Saving for retirement is now the top financial goal of the vast majority of people who hold a job, according to a recent T. Rowe Price survey. That’s great news. We have a savings crisis in America and we’re finally taking it seriously.
Or are we? The same survey that found that 72% of workers regard saving for retirement as their top goal also found that relatively few are doing much about it. More than two-thirds of those with a 401(k) plan say they are contributing 10% or less of their pre-tax income. A stunning 29% say they have no idea at what rate they are contributing to their company-sponsored plan.
Saving 10% of annual earnings is widely considered to be a minimum target. T. Rowe Price advises saving 15% to 20%, beginning at age 25 and wrapping employer contributions into the calculation. But it isn’t just the low savings rate that is troublesome.
The rise of retirement savings as a financial goal may have more to do with the fall from grace of other financial goals. As recently as 2008, paying down debt was Americans’ top financial New Year’s resolution. Depending on the survey, homeownership and paying for college also have outstripped retirement savings as a top goal.
Debt repayment has all but fallen off the map; in the T. Rowe Price survey, it ranks behind retirement saving, improving current lifestyle, and building an emergency fund. Maybe that’s because Americans generally have improved their personal balance sheets since the Great Recession, a good thing. According to Fed data, 39.4% of families say they have at least one credit card with a balance on it, down 6.7 percentage points from 2007.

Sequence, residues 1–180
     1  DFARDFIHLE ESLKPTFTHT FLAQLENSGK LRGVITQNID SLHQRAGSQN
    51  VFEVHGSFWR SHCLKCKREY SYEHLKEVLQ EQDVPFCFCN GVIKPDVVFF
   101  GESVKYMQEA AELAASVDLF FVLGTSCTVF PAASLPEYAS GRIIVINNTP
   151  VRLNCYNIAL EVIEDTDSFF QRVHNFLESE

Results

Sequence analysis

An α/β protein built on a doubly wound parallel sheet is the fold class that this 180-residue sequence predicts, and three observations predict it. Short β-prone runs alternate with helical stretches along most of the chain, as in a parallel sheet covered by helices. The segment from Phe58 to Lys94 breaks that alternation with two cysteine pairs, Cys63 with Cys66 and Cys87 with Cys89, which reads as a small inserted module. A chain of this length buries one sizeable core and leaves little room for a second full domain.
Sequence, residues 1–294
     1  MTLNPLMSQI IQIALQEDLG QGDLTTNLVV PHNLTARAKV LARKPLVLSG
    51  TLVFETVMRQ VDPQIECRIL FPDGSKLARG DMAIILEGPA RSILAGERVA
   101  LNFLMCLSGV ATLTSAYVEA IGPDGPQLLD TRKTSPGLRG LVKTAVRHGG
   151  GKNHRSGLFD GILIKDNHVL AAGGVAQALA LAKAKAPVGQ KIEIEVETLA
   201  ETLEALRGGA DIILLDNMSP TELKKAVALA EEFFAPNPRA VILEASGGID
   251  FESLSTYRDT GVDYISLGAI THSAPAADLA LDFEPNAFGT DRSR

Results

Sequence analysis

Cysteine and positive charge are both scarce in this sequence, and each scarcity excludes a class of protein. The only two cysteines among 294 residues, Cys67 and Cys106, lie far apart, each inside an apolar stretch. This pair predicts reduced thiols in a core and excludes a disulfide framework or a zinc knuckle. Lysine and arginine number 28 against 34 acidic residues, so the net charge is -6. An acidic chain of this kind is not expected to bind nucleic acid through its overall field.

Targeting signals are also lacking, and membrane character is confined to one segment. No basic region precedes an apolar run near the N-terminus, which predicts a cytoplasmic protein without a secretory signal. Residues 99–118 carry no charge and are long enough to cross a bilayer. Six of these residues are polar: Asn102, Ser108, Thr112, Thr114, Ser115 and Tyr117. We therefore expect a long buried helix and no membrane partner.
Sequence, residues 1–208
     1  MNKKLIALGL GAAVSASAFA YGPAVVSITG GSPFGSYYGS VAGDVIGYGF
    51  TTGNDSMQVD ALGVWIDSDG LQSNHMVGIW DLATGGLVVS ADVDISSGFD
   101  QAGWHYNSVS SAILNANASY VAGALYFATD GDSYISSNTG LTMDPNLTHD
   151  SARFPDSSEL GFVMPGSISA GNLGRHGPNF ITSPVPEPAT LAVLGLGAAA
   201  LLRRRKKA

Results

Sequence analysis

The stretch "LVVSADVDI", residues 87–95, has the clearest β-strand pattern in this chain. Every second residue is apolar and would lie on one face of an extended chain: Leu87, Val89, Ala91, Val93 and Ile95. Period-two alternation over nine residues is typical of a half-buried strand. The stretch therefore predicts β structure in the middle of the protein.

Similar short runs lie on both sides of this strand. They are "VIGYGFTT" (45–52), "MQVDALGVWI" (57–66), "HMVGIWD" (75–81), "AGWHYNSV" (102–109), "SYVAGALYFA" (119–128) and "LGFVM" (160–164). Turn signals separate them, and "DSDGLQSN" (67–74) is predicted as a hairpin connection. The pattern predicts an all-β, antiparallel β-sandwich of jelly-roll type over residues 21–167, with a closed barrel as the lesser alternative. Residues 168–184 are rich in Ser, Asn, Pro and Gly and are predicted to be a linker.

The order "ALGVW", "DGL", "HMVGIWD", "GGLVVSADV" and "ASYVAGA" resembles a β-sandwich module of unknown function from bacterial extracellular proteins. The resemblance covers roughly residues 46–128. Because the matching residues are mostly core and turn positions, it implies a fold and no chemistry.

But what about homeownership and higher education as financial goals? It’s possible that the deep housing slump, when millions lost their homes to foreclosure or saw their equity wiped away, took much of the luster off owning a house. A poll by the National Endowment for Financial Education found that retirement had replaced homeownership as the American Dream. This is a potentially troubling development. Could it be that Americans are turning their backs on homeownership just as the housing market begins to recover?
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Meanwhile, a debate rages over the value of a college education. Students graduate with an average of $26,600 in student loans and have bleak job prospects, according to the Project on Student Debt. Critics of higher education are getting an airing like never before.
Yet surveys continue to show a wide gap — $500,000 or more — between the lifetime earnings power of college graduates and those who do not get a degree. Are we discounting higher education just as the global economy begins to demand more — not fewer — educated workers?
If saving for retirement now tops our list of financial goals because Americans recognize the savings crisis and want to do something about it — that’s a gain. But if it has risen to the top by attrition, and without commitment, we may be headed for even more trouble down the road.